Software Engineering

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Dec 2, 2013 (3 years and 9 months ago)

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Software Engineering

Lesson 2


Explain what is a software life cycle model.


Identify the different software life cycle
models.


Classical Waterfall Model


Prototyping Model or Evolutionary Model


Spiral Model


Identify circumstances of use.



Software Life Cycle Model


A software life cycle model (also called process
model) is a descriptive and diagrammatic
representation of the software life cycle.


A life cycle model represents all the activities
required to make a software product.


It also captures the order in which these activities
are to be undertaken.


In other words, a life cycle model maps the different
activities performed on a software product from its
start to retirement.


Different software life cycle models


Many life cycle models have been proposed
so far. Each of them has some advantages
as well as some disadvantages. A few
important and commonly used life cycle
models are as follows:


Classical Waterfall Model


Iterative Waterfall model


Prototyping Model or Evolutionary Model


Spiral Model


The need for a software life cycle
model


Without using of a particular life cycle model
the development of a software product would
not be in a systematic and disciplined
manner.


When a software product is being developed
by a team there must be a clear
understanding among team members about
when and what to do. Otherwise it would
lead to chaos and project failure.

Classical Waterfall Model



The classical waterfall model is intuitively the
most obvious way to develop software.


Thus, this model can be considered to be a
theoretical way of developing software
.


But all other life cycle models are essentially
derived from the classical waterfall model.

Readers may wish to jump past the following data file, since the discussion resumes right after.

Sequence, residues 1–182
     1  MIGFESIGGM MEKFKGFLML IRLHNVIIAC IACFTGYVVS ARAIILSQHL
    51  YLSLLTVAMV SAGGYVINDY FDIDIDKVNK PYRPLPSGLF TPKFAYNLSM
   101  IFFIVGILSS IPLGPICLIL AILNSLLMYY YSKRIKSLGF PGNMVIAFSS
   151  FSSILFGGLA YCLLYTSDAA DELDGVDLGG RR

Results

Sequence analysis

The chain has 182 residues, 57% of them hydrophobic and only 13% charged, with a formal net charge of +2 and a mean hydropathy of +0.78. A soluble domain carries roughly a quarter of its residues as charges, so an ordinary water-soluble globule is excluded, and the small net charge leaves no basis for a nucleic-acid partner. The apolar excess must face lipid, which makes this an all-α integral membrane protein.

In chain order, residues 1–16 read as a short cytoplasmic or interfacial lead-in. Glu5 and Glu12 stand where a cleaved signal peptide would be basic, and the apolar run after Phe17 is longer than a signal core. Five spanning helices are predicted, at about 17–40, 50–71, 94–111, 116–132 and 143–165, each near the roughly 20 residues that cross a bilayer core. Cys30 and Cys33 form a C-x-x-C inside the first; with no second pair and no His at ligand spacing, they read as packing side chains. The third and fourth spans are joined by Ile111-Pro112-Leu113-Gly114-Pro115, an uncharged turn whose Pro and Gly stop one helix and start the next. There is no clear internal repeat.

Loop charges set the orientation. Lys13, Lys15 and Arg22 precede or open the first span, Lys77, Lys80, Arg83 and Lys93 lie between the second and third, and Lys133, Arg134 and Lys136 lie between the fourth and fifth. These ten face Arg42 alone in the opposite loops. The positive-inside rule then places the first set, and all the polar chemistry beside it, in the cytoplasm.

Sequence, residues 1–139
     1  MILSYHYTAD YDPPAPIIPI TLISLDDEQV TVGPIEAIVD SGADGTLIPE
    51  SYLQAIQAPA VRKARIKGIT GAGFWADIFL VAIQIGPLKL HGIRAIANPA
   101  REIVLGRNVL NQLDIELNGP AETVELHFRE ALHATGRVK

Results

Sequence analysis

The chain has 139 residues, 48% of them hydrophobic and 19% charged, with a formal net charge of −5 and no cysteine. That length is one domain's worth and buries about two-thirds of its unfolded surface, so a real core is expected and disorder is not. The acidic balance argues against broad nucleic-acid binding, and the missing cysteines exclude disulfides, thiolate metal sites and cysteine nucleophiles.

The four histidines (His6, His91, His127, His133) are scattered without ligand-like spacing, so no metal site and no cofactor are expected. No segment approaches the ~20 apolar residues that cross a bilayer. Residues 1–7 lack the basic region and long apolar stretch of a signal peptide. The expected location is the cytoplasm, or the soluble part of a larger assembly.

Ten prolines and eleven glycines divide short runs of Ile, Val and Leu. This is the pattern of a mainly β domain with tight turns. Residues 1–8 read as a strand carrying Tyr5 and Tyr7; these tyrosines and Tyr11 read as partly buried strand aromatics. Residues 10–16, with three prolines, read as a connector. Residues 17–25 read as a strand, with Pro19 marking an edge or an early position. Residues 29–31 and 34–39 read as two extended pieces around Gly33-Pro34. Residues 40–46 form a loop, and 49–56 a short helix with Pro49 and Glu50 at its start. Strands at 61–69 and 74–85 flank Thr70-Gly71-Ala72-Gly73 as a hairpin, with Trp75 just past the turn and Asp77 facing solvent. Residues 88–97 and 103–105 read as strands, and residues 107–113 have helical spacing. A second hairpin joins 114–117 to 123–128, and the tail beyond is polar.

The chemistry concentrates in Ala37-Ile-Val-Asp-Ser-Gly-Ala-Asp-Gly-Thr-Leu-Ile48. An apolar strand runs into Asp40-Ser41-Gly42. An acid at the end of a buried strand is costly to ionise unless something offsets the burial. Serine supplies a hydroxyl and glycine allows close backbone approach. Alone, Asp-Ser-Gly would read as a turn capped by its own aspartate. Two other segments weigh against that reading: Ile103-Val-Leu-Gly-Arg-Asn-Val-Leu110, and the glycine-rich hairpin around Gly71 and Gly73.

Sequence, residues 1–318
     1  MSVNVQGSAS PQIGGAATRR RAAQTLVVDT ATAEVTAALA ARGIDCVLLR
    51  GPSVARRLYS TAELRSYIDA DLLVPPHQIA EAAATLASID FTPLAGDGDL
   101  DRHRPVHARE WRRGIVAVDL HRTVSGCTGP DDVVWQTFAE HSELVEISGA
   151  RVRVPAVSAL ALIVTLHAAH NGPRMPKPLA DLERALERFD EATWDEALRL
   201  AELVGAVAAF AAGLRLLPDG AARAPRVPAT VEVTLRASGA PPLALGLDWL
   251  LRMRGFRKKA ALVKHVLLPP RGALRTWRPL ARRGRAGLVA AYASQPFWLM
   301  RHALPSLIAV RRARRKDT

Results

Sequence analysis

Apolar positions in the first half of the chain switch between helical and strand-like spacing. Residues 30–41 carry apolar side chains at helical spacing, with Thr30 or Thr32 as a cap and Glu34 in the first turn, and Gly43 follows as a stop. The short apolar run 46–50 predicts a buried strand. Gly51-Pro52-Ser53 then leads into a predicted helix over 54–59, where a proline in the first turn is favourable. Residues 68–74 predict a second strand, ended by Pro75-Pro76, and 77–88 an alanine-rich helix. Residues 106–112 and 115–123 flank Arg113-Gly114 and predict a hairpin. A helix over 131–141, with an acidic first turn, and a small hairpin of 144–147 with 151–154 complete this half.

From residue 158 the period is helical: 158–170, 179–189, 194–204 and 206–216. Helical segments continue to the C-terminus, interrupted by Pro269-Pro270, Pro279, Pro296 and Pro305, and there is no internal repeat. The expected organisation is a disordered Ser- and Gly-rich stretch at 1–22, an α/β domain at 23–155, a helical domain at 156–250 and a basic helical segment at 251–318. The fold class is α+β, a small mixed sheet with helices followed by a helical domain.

So, in order to be able to appreciate other life
cycle models it is necessary to learn the
classical waterfall model.

Classical waterfall model


Classical waterfall model divides the life
cycle into the following phases.


Feasibility Study


Requirements Analysis and Specification


Design


Coding and Unit Testing


Integration and System Testing


Maintenance


Activities undertaken during feasibility
study


The main aim of feasibility study is to determine whether it
would be financially and technically feasible to develop the
product.


At first project managers or team leaders try to have a rough
understanding of what is required to be done by visiting the
client side.


Then they examine each of the solutions in terms of what kind
of resources required, what would be the cost of development
and what would be the development time for each solution.


Based on this analysis they pick the best solution and
determine whether the solution is feasible financially and
technically.



Activities undertaken during
requirements analysis & specification


The aim of the requirements analysis and
specification phase is to understand the exact
requirements of the customer and to document them
properly. This phase consists of two distinct
activities, namely


User Requirements and analysis, and


Requirements specification


User Requirements


Get user requirements form the client.


The goal is to collect all relevant information from the customer
regarding the product to be developed.

11

Requirements Analysis


The

aim

of

requirements

analysis

is

to

discover

problems

with

the

system

requirements,

especially

incompleteness

and

inconsistencies



Detailed

analysis

usually

takes

place

after

the

initial

draft

of

the

requirements

document

is

produced

12

Comments on Requirements Analysis


Analysts

read

the

requirements,

highlight